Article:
Putting Some Luster On NT Clusters
Clustering products for Windows NT platforms are available in several varieties,offered from Microsoft as well as other vendors. Microsoft's products are centered onWindows NT Server Enterprise Edition, which offers SMP capabilities for up to 32processors. The Enterprise Edition is comprised of Microsoft Cluster Server (MSCS) andWindows NT Load Balancing Service (WLBS).
Introduced in 1997, MSCS has been available as a system service in NT EnterpriseEdition. MSCS allows the creation of two-node, share nothing clusters. The cluster appearsas a single server to network client machines. Any applications or data files installed onthe cluster are referred to as resources. These resources run on only one server at a timebut can be configured for failover (a process by which the operation of the resource ismoved from one server to another in the event of a failure).
If At First You Don't Succeed
Resources can be organized into groups and entire groups can failover as well. When aspecific resource is requested, MSCS routes the request to the server operating theresource.
An MSCS cluster consists of servers, common storage and networking. The servers must besingle or multiple Intel Pentium (minimum 90MHz) or Compaq Alpha processor-based (Inteland Alpha processors cannot be mixed in the same cluster).
Each server requires a minimum of 64MB of RAM. Each server must be connected to ashared, external SCSI bus that is separate from the bus containing the system disk. TheSCSI adapters must be PCI. All resources configured for failover must reside on disks onthis common bus. To provide maximum protection from hardware failure, storage on thecommon bus should be hardware RAID-based to eliminate the disks as a point of failure. TwoPCI network cards should be used in each server: one to connect to the organization'snetwork, the other to create a private network between the two cluster systems.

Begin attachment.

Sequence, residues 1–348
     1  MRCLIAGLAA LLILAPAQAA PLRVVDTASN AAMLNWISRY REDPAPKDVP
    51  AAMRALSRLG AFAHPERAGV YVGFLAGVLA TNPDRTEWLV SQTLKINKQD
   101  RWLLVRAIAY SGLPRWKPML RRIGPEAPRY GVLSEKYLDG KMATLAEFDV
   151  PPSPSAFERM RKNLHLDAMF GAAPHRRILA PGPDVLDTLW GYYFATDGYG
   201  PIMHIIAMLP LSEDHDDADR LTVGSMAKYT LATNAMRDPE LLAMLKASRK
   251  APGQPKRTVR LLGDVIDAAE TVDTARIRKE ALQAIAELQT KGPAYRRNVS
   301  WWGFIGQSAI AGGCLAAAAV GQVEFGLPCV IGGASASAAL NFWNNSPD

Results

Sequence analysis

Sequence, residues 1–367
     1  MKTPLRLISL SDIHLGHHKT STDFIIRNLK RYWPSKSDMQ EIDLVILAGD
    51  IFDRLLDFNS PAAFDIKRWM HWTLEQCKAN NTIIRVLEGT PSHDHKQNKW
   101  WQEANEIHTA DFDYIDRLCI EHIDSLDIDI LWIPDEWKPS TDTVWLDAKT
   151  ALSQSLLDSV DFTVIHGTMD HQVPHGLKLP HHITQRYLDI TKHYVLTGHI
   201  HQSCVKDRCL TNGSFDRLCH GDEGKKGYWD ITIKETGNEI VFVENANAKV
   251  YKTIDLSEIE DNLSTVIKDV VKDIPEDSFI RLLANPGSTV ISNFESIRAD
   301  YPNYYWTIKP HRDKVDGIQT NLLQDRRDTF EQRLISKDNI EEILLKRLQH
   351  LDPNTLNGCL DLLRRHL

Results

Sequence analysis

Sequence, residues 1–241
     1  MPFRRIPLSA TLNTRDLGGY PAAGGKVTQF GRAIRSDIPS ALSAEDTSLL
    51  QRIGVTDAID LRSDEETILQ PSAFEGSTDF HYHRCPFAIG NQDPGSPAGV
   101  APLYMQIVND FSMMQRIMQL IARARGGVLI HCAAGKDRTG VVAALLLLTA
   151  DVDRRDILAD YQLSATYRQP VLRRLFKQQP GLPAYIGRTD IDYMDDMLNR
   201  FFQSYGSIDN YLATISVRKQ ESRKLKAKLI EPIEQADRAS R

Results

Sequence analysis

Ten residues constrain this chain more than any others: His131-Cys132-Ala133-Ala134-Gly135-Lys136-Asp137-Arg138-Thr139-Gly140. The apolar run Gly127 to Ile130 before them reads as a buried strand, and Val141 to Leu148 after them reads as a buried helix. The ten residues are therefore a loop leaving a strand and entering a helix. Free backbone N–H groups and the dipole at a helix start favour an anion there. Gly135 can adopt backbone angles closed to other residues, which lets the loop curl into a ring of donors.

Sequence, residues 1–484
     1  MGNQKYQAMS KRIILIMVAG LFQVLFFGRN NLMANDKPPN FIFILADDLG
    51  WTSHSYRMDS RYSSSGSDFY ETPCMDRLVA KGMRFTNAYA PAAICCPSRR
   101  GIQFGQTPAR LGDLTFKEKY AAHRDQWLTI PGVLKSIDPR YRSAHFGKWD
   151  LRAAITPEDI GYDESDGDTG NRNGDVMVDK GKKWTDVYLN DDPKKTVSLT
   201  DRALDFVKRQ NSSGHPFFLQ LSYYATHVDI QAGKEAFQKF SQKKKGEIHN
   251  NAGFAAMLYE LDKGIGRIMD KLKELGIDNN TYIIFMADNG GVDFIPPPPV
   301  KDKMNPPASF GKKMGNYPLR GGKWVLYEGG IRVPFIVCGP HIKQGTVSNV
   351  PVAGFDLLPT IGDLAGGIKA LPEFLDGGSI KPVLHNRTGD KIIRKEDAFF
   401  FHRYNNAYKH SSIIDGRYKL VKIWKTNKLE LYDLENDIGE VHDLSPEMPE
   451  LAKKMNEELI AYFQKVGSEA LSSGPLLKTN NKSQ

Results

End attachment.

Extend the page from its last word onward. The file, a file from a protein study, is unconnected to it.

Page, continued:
So how does MSCS provide high availability? The servers in the cluster constantly checkavailable resources by sending messages called "heartbeats." The heartbeatscheck all resources on both servers. If an application resource has failed but the serveris still functioning, MSCS tries to restart the application. If the application will notrestart or the server has failed, MSCS moves the application's resources and restarts iton the second server. Because both servers are constantly checking each other, discoveryof failed resources and initialization of the failover usually takes place within 10seconds. The amount of actual time to failover depends on the application. As an example,according to Microsoft, failover of SQL Server usually occurs in less than one minute.